By 1987, The Commodore 64 was still selling strong, but competition was fierce, and the C64 was no longer top-of-the-line. To keep the C64 in production, Commodore redesigned the motherboard and chipset for a less expensive production process by consolodating more of the chips into a fewer number, as well as operating at lower voltages. This new computer was completely compatible with its predecessor in every way, although there is some dispute over whether the redesigned SID chip (8580) was really as good as the old 6581 SID.
The first computers to feature these new and less expensive 'E' boards were built in the U.S. for sale in Germany and were dubbed the "Aldi" by the German 64'er magazine, named after the cheap five-and-dime stores they were sold in. This derogatory name reflected the magazines feelings about its design, which they claimed lacked include the necessary 9V on the user port (a claim since disproved). The "Aldi" is quite unique in its frankenstein appearance, using the old C64 breadbox casings, with a C64C keyboard and white rubber feet. You can see a close-up of it here.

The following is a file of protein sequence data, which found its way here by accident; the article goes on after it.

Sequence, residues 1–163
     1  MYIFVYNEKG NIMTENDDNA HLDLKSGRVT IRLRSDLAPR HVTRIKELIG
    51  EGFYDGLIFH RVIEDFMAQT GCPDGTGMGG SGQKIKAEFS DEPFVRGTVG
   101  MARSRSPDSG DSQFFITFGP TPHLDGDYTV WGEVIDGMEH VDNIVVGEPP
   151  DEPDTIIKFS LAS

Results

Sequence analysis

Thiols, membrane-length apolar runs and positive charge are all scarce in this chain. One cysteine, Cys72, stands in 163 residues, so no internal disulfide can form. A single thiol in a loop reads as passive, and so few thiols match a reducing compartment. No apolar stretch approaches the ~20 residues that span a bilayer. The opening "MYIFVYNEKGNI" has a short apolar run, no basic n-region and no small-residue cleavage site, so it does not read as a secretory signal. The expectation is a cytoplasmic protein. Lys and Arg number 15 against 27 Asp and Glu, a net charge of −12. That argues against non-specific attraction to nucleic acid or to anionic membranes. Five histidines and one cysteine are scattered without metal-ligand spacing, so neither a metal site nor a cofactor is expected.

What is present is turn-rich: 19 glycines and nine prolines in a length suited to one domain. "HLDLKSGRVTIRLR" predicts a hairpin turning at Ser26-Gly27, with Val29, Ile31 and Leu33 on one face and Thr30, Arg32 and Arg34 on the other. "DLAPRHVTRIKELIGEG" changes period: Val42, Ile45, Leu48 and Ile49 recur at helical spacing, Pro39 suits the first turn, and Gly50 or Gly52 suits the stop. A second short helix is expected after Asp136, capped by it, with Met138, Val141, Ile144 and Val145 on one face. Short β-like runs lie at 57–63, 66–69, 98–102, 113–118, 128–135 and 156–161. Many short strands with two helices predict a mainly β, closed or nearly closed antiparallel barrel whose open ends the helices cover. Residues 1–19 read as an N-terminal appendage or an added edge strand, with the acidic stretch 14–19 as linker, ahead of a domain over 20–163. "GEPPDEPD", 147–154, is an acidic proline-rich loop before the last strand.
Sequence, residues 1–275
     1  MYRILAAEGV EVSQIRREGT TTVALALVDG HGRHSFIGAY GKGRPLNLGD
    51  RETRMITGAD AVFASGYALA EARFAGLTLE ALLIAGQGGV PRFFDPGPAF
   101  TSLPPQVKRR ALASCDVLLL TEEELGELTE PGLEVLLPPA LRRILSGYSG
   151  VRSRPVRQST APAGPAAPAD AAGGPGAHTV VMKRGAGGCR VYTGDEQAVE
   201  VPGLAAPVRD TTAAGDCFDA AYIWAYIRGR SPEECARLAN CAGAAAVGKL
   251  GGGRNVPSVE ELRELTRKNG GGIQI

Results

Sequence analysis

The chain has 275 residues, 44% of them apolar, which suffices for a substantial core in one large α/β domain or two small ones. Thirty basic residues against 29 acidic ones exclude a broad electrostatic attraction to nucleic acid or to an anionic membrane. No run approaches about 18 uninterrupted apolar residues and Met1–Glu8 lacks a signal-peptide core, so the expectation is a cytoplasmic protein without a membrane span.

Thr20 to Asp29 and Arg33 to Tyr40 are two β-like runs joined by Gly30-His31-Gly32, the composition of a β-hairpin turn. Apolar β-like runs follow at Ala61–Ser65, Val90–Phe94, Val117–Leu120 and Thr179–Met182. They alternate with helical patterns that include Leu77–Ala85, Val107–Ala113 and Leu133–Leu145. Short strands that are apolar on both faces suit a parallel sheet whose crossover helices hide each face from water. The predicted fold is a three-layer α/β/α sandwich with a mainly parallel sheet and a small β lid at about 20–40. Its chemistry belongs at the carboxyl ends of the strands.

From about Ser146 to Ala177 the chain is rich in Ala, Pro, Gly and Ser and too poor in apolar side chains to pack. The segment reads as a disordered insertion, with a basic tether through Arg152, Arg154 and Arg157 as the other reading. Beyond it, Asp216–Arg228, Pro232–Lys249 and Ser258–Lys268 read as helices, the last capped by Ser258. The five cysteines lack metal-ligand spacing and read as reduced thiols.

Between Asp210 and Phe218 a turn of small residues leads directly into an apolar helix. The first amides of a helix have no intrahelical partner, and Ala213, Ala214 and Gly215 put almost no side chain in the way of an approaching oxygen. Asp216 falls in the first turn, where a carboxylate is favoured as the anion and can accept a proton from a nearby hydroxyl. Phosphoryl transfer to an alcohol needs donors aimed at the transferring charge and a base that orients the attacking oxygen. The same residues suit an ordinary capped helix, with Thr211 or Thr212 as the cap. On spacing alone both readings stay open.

After the "Aldi", Commodore began placing these boards in their C64C (or C64-II as it was called in Germany), but there were complaints that very popular music keyboard overlays did not fit the sleek new cases, and unhappiness prevailed. Commodore therefore decided to placate them with a C64C in the familiar breadbox shape. Dubbed the "C64g" (G for Germany), this computer comes with the same 'E' board, and quieted the outrage. I personally find the C64G to be almost the most beautiful computer Commodore designed, right after the CBM 8032SK.
ROM: 20 kilobytes
Personal Note: The C64g came from a German auction site, while the Australian C64 and The Aldi-ish PAL c64 was a kind sale from Stefan Walgenbach, and the Aldi proper came from AmiBay.
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